Dave McGraw and Mandy Fer – Off-Grid Lo-Fi
-As you might imagine from an album titled Off-Grid Lo-Fi, it’s a minimalist folk album that will captivate you. I find myself sitting up in my seat, listening ever more intently to the intriguing sounds. McGraw and Fer seem to have a really interesting chemistry that results in an album that is both intimate and totally fresh. It reminds me of a bit of the Gillian Welch and David Rawlings combination, but also a lesser-known band called Cicada Rhythm. It’s that sort of raw, authentic folk music that motivates us to run this blog. This album is truly a gem for folk fans.
Harp and a Monkey – War Stories
-This album tells several stories with a fantastic ethos. The band seems to really believe every lyric that they deliver. It puts you into the mind of someone living in the era of the first world war in Europe. The music is essentially a fulfilling brand of folk music, with rich textures on strings and vocals. This is an album sure to generate fans from a wide range of influences and if you love history you really need to hear it.
Western Centuries – Weight of the World
-This is a God’s honest country music album. That is, of course, a stolen lyric from the first song on the album. But have covered Cahalen Morrison, one of the artists on the album, so we’re not surprised to hear how good this is. If you’re looking for an uptempo country music style that sounds like it could have come out of the 70s, this is definitely for you. The opener “Weight of the World” is probably the best track. Some of the other songs seem to have a different lead vocal, but the tunes are still rich.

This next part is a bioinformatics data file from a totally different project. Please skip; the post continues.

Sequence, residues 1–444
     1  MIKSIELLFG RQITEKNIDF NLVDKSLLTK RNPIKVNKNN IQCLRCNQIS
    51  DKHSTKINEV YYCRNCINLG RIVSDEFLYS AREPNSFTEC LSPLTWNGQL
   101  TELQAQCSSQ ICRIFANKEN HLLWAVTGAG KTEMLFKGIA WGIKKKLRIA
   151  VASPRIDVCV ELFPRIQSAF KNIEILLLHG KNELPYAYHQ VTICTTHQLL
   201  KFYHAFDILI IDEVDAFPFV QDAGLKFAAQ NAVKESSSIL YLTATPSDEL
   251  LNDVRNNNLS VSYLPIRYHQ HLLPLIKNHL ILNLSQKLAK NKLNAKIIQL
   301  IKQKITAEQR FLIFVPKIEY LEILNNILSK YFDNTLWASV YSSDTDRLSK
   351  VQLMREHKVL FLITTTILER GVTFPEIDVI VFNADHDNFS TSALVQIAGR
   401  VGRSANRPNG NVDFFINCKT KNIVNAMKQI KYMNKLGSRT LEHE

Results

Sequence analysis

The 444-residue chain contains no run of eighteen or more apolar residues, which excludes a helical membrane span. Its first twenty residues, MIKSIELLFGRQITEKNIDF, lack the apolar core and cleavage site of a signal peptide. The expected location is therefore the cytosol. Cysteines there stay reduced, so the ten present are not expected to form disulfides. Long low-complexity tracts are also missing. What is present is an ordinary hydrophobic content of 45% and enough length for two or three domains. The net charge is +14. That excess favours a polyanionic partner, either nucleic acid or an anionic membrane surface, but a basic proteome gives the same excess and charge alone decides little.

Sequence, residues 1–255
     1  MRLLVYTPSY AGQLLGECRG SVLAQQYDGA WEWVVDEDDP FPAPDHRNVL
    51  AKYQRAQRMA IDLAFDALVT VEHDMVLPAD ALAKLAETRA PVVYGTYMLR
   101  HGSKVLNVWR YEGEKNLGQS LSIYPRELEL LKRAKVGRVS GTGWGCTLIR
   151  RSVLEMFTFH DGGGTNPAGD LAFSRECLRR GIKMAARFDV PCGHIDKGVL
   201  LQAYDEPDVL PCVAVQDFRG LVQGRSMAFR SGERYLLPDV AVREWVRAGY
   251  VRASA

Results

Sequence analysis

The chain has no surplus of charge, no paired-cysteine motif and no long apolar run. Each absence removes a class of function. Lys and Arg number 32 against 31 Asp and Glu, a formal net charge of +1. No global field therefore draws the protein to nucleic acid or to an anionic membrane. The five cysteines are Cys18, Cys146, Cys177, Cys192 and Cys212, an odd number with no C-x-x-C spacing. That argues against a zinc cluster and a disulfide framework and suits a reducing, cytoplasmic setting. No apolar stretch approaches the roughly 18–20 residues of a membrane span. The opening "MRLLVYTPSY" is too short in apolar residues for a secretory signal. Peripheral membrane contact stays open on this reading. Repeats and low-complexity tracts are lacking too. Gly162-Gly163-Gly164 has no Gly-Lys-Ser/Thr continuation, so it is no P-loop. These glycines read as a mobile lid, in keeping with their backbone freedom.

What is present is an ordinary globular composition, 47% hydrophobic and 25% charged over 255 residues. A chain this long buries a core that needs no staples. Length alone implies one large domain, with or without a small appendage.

The Lowest Pair – 2 albums – Uncertain as it is uneven and Fern girl and Ice Man
-Any time a band can release an album a year, I am impressed. So when this band put out two albums in 2016, I was skeptical about the quality. But these are both wonderfully genuine Americana albums. They have a tenderness and joy about them that you’ll find intriguing. The combination of haunting vocals, chill acoustic guitar, and crisp banjo picking all make for a delightful Americana sound. If you only have time for one on Uncertain, go with “Lonesome Sunrise.” As for Fern Girl, the opener “The River Will” shows you right away that they’ve had some phenomenal growth. Think Nickel Creek’s “Sweet Afton” for a good indication of their general sound.